If you ask me why I study English, I will answer, "Because I have to." I have to study English because I am an English teacher and I want to make a living as a philosopher. To be a philosopher, one must be able to read English. Sometimes I see philosophers who are not very fluent in English, but they are not incompetent in reading it. They are just shy or they are not used to speaking it.
But if you had asked me the same question when I was fourteen years old, I would have answered, "Because it is fun." I remember being impressed from the bottom of my heart when I listened to Penny Lane by the Beatles. The line which moved me was "The little children laugh at him behind his back." You might as well ask me why it was so impressive. It is because it was the first time I heard an English sentence and immediately imganined, without special and conscious efforts, the scene which it depicted so that it totally made sense to me. The feeling accompanied then could be called that of feeling "connected." That was my first time that I connected via English with foreign people. Since then I was kind of obssessed with that feeling. I never met an English sentence or expression without trying to get "connected" with it (I won't say I succeeded in all the cases).
If you had asked me the same question when I was seventeen, the answer could have been a different one: "Because it is the only subject that I am good at." At that time, the entrance examination was what my life was all about. My excellence in English made me confident that I would pass it. Therefore, it was imperative for me to keep studying the language.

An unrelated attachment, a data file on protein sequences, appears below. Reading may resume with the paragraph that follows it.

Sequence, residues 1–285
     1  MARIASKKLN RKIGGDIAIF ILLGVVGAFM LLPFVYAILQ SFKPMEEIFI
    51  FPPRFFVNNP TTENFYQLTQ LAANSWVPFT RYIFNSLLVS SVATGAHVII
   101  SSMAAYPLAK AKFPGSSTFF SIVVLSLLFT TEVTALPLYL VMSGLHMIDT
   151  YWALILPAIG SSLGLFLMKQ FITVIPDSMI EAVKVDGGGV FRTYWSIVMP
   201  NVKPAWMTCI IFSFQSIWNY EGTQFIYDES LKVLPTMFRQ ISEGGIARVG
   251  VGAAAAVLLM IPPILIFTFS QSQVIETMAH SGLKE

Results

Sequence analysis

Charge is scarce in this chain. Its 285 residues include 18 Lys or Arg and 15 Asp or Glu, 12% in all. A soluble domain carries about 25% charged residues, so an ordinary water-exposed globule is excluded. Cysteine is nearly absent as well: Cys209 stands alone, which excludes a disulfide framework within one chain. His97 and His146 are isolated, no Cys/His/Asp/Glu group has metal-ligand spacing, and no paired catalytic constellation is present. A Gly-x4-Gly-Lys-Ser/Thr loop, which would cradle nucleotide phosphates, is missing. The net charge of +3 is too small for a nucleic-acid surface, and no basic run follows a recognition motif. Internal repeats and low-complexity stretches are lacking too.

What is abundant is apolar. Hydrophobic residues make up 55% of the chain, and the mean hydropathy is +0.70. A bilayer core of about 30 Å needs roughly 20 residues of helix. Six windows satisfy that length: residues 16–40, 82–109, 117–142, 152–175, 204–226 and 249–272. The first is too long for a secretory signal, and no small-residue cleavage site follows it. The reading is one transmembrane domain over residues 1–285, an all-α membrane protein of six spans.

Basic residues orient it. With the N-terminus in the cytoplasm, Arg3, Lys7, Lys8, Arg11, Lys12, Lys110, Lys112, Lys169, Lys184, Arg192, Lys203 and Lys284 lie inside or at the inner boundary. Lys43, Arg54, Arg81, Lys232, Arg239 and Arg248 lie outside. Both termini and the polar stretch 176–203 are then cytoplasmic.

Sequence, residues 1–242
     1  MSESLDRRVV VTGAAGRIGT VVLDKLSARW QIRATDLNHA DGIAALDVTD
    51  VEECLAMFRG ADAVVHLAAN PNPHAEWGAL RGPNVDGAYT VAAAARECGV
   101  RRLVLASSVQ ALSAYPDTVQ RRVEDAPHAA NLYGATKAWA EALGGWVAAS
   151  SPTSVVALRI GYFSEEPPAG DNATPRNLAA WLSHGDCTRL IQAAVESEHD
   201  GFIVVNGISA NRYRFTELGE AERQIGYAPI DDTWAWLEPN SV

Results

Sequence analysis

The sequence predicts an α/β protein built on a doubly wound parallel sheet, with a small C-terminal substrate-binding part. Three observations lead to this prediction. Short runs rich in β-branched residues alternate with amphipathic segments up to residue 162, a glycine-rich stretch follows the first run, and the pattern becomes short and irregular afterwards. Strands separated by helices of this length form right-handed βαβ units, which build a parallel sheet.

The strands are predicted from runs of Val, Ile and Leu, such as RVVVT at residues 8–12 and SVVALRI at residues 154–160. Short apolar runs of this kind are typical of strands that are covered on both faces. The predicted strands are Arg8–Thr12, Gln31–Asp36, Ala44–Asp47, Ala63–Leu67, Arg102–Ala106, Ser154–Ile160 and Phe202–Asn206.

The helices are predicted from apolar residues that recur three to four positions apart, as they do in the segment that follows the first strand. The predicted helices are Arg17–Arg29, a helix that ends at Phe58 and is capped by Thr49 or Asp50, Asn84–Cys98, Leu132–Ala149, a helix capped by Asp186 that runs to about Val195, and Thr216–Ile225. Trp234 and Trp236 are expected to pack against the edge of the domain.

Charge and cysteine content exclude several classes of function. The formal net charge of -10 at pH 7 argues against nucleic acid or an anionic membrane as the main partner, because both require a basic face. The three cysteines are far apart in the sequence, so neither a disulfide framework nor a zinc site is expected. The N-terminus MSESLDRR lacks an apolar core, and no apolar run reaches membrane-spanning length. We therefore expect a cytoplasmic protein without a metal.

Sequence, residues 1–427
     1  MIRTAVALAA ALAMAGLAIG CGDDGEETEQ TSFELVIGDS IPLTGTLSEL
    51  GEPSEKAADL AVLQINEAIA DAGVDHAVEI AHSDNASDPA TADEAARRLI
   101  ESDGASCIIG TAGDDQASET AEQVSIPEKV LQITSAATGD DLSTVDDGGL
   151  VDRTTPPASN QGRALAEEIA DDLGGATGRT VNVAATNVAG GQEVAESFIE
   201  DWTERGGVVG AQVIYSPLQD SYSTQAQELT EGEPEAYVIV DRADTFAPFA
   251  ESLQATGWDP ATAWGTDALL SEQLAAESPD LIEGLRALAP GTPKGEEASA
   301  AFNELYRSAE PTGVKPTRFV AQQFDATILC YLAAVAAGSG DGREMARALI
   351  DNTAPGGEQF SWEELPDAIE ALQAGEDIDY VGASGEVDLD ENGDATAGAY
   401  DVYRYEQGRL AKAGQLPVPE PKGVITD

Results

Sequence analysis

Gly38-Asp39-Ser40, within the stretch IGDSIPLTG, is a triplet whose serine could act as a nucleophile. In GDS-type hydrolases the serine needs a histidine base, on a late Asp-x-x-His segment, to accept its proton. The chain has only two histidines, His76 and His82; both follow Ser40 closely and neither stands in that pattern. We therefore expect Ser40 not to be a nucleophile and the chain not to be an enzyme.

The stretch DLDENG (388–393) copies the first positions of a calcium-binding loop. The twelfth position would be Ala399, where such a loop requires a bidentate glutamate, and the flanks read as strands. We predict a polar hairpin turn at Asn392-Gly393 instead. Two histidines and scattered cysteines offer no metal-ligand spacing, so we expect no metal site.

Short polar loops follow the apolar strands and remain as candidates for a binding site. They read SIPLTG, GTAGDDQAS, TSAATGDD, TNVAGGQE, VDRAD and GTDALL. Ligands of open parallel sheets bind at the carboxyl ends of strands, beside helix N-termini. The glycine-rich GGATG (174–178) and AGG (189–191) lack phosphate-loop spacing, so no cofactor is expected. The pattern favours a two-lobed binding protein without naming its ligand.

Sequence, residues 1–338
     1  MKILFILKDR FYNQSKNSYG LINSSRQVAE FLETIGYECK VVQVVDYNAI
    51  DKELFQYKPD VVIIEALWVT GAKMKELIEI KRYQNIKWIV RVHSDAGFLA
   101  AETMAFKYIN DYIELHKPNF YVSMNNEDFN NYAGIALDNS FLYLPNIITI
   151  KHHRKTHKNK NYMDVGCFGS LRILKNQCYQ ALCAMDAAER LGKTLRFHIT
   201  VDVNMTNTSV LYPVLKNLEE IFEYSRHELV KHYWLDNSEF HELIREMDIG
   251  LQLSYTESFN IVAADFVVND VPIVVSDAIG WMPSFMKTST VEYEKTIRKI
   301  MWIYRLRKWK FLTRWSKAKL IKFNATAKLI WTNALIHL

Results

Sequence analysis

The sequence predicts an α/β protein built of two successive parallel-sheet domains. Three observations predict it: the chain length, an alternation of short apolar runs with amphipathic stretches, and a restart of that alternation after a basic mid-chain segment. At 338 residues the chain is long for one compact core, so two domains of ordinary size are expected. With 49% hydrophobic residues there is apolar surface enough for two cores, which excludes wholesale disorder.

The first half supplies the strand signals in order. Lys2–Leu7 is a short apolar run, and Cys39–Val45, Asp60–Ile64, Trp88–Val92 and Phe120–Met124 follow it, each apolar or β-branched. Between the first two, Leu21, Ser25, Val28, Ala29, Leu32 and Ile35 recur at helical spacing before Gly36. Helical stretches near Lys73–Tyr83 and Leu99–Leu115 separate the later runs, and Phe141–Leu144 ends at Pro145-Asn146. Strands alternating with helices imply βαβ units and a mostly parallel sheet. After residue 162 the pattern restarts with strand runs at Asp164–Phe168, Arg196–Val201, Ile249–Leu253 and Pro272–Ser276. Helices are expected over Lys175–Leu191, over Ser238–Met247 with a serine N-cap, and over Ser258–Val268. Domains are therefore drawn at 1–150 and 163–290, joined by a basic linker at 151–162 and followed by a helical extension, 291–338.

This story shows the changeability of the causes for which you work on English, though the changes are not complete, for I still find it fun to study English and I still feel it vital to keep studying it. One thing is not cerntain. Why do I continue the study in spite of the vicissitude of the reasons for it? Come to think about it, the answer is one attitude. The attitude toward English has never been changed a bit in my life. When you are studying English, you almost always feel as if you were thrown into a maze and lost in it. There are hardly any guideposts. You have to find for yourself the way out. It is really demanding. But there is one easy way to get out of it. Stop tackling and step into the Japanese prairie where you will never lose yourself. I think whether you will get out or stay depends on an attitude. It is a determination to say goodbye to your former way of living, to commit yourself to the maze and to the solution of it every single day. This attitude has been helpful in keeping myself going. I feel even inclined to say it is not the reason that counts, but the attitude, when it comes to studying a foreign language. Start with your attitude, not your reason.